Relative Infestation of European Shoot Moth on Interplanted Ponderosa and Red Pines in Michigan
The susceptibilty of ponderosa pne (Pinus ponderosa Laws.) to the European pine shoot moth (Rhyacionia buoliana [Schiff.]) required investigation when the pest was discovered in Washington and Oregon in 1959. Outplanting ponderosa pine seedlings from Oregon with highly susceptible red pine (Pinus resinosa Ait.) in Michigan showed that relative infestation levels during five years were about the same on the two species.
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Document Type: Journal Article
Affiliations: Mathematical Statistician, North Central Forest Experiment Station, Forest Service, U.S. Dept. of Agric., St. Paul, Minn.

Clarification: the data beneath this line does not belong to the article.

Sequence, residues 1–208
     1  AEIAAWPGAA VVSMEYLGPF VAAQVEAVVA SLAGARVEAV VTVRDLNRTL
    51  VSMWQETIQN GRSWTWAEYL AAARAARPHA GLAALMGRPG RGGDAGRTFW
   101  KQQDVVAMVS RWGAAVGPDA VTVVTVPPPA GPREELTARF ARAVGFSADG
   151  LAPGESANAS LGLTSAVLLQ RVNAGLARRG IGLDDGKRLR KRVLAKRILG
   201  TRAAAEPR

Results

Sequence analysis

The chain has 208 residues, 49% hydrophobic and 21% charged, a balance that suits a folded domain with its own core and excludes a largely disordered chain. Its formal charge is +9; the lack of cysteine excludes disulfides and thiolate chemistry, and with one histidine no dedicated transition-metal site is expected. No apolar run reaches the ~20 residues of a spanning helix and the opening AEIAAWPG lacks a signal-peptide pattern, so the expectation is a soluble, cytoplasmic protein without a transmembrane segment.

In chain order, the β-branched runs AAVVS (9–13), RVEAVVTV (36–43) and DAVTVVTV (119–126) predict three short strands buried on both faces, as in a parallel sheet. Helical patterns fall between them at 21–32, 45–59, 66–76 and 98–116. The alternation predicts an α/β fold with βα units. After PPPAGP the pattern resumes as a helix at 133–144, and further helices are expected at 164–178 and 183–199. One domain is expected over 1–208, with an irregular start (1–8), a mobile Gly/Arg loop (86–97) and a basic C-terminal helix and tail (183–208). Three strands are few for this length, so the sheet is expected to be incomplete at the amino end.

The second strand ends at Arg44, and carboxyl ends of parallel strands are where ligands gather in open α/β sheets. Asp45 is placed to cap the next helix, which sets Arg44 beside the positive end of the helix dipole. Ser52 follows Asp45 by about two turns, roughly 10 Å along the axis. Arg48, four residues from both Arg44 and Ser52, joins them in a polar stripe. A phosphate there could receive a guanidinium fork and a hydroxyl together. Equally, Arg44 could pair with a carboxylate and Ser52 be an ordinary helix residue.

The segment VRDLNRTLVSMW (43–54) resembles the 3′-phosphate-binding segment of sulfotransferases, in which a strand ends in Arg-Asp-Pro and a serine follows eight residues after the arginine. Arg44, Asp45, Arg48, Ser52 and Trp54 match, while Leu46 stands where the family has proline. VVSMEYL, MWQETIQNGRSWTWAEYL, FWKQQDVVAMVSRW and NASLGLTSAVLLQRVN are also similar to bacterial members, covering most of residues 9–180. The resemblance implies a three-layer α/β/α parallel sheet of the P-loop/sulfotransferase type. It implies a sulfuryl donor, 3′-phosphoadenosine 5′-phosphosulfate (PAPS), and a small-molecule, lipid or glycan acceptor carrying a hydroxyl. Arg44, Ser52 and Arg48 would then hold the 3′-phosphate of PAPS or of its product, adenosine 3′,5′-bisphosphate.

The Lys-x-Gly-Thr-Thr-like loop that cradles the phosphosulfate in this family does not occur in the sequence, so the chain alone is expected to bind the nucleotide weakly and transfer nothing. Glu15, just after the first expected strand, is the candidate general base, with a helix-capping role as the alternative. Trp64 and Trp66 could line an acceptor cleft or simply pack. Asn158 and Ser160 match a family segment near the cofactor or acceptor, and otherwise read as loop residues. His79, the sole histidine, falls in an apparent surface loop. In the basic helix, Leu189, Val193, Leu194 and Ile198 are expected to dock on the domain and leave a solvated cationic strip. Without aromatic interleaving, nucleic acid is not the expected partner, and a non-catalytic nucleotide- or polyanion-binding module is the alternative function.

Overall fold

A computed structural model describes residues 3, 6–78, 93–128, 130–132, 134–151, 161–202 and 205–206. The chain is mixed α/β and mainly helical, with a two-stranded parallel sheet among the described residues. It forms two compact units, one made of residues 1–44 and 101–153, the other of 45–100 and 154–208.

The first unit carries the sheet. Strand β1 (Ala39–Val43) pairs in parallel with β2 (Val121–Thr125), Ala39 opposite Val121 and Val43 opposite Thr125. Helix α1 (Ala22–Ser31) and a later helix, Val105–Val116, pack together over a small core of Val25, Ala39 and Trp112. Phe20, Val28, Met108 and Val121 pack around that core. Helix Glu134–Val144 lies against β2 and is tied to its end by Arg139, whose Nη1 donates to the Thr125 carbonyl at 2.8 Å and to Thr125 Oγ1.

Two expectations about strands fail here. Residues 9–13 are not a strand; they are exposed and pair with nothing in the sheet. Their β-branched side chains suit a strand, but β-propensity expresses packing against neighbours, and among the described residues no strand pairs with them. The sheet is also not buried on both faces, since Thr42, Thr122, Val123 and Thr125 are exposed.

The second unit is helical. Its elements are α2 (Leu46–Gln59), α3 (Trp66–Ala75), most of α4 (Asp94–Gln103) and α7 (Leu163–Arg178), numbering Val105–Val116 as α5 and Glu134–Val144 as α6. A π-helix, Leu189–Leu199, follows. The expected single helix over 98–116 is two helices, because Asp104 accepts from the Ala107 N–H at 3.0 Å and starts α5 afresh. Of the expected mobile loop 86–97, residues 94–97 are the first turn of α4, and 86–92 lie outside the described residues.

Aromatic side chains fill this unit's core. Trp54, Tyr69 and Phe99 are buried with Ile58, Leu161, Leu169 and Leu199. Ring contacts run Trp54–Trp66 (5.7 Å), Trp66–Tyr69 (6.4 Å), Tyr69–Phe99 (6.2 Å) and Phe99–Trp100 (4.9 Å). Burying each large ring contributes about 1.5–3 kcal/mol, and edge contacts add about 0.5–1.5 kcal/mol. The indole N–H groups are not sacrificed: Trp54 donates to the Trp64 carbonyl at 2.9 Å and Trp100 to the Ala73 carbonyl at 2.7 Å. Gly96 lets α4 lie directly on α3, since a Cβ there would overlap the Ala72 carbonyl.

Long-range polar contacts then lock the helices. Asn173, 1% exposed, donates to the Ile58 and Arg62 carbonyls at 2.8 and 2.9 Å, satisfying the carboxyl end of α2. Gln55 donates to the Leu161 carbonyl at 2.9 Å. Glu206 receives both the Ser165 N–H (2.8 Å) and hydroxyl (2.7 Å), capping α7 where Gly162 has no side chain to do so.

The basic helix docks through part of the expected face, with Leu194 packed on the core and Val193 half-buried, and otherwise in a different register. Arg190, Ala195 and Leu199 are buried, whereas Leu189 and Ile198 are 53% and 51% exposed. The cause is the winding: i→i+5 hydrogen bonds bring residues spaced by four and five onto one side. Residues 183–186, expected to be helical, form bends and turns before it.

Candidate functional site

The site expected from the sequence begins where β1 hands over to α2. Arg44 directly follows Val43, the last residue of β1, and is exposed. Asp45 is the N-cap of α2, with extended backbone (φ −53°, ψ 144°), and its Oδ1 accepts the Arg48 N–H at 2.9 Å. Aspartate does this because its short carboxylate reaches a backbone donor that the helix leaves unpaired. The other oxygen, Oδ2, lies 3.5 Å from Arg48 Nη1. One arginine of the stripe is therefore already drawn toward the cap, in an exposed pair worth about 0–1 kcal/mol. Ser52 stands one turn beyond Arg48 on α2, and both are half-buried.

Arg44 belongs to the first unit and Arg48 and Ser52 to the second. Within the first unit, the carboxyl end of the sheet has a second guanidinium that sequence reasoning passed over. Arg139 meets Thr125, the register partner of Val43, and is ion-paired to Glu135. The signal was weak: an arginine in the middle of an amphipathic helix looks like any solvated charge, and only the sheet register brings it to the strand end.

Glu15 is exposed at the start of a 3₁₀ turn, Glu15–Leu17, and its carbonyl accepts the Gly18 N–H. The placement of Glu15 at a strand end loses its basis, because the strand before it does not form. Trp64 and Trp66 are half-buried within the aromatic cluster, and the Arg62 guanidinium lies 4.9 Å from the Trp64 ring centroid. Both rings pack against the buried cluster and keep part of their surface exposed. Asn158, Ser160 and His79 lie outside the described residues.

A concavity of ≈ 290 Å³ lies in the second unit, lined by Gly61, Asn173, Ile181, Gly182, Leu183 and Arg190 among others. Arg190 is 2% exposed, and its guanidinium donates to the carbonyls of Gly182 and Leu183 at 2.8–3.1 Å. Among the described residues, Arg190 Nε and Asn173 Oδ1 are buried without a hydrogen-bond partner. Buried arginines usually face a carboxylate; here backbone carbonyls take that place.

Publication date: 1967-11-01
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The Journal of Forestry is the most widely circulated scholarly forestry journal in the world. In print since 1902, the Journal has received several national awards for excellence. The mission of the Journal of Forestry is to advance the profession of forestry by keeping forest management professionals informed about significant developments and ideas in the many facets of forestry: economics, education and communication, entomology and pathology, fire, forest ecology, geospatial technologies, history, international forestry, measurements, policy, recreation, silviculture, social sciences, soils and hydrology, urban and community forestry, utilization and engineering, and wildlife management. The Journal is published bimonthly: January, March, May, July, September, and November.
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